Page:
Oregon’s Newest Food Trail, the High Desert Food Trail, Unites Central Oregon’s Agritourism, Culinary & Maker Cultures

In partnership with Travel Oregon’s Food Trails program, the High Desert Food & Farm Alliance has launched the High Desert Food Trail, Central Oregon’s first official food trail. The High Desert Food Trail joins eight other Travel Oregon-designated Oregon Food Trails throughout the state, and is the second to be located east of the Cascade Mountains.

With more than 45 different stops at local food-oriented businesses throughout Crook,

Deschutes and Jefferson Counties, the High Desert Food Trail features three unique self-guided itineraries that showcase various ways to enjoy the stunning landscapes, artisan offerings and resilient agriculture. While the focus of the High Desert Food Trail is on local agriculture such as farms and ranches, craft beverage producers, cooking schools, vineyards, artisan markets and even lodging properties are included in the program.

“Experiences such as the High Desert Food Trail foster a deeper connection and a greater sense of place for both visitors and locals. These experiences are so rewarding but can be difficult to discover without an organized effort or a formal program in place,” says Annie Nichols, lead organizer for the High Desert Food Trail. “With such strong agricultural roots in the region, combined with an incredible culinary scene and a culture of artisans and makers, we hope to make access to and enjoyment of high-quality, locally-sourced food experiences that much easier.”

According to Travel Oregon, the Oregon Food Trails program aims to cultivate innovative partnerships between culinary and agricultural businesses, strengthen local food economies and create unique experiences for visitors and locals alike. The objectives of the program are to:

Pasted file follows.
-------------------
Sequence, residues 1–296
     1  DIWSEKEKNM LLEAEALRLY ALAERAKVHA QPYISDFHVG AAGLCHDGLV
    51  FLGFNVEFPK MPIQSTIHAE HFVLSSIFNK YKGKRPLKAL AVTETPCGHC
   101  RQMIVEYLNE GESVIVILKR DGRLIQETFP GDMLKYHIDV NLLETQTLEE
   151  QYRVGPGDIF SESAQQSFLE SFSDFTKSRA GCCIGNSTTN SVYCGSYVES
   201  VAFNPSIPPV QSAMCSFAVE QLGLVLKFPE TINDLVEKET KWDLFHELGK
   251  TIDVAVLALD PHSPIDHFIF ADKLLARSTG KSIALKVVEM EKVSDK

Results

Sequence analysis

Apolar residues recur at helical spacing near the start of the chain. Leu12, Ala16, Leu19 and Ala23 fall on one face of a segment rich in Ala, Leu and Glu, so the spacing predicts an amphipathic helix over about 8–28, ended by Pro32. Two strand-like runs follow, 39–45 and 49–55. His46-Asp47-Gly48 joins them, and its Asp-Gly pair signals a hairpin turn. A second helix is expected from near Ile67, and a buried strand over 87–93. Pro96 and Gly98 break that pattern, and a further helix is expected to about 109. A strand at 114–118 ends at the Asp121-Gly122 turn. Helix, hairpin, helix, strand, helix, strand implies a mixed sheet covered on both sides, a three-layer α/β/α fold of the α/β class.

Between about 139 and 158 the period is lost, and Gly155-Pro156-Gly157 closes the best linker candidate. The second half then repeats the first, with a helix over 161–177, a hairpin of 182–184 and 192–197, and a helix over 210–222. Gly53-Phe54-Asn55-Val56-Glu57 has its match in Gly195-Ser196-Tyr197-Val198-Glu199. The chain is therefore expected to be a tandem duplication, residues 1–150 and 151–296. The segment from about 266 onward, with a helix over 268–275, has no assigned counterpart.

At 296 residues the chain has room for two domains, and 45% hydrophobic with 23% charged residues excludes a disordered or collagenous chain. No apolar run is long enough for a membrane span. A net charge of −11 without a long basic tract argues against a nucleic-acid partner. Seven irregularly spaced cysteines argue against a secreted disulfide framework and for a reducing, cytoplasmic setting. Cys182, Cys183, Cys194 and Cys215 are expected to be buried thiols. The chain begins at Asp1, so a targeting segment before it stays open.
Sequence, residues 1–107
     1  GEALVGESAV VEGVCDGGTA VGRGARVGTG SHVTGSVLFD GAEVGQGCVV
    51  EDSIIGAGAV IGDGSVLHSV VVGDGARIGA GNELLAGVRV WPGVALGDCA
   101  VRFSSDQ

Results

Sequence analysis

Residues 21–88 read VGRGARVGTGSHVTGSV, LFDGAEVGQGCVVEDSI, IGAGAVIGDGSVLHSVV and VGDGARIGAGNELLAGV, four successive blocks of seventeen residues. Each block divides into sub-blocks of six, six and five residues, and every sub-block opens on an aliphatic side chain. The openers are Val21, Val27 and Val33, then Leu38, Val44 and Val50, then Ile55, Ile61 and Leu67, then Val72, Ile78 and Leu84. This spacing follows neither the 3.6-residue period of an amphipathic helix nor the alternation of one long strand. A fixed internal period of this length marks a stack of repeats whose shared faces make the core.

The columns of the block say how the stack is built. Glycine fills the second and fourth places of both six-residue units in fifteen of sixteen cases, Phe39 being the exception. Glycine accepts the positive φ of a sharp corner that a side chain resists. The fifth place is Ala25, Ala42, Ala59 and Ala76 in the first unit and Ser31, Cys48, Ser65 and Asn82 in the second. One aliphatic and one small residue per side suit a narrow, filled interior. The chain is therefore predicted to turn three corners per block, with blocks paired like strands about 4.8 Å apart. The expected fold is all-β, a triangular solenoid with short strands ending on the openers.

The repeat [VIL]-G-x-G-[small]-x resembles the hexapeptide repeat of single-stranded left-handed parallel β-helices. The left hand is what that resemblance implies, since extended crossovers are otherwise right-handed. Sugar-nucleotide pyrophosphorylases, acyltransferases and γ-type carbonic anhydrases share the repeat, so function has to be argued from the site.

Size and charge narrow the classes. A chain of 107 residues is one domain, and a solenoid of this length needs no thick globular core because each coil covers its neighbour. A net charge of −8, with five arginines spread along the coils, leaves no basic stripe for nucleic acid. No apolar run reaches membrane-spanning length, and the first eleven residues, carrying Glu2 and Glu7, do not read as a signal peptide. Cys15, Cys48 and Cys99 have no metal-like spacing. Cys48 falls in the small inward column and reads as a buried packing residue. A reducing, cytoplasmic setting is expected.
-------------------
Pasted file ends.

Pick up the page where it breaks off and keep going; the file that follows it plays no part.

• Drive visitation to agricultural and culinary businesses in destinations that offer high-quality and locally-sourced consumable products in a compelling way;
  • Deliver excellent visitor experiences by increasing business engagement and collaboration;
  • Inspire visitors to explore businesses that they might not find on their own; and
  • Encourage visitors to stay in destinations longer, visit in shoulder seasons and consider repeat visitation.

“While some activities might be limited by an individual’s specific interests, such as mountain biking or skiing, or confined to certain seasons of the year, food is the one component that’s part of every Central Oregon visitor’s experience year-round, and regardless of their interests,” said Julie Theisen, CEO of Visit Central Oregon. “The High Desert Food Trail allows us to tell the story of food and its interconnectedness to the visitor experience, and to showcase the quality, diversity and creativity of the region’s agritourism in new and different ways.”

To learn more about the High Desert Food Trail, visit High Desert Food Trail. To explore all that the region has to offer — including food — or to begin planning a visit to Central Oregon, visit visitcentraloregon.com.


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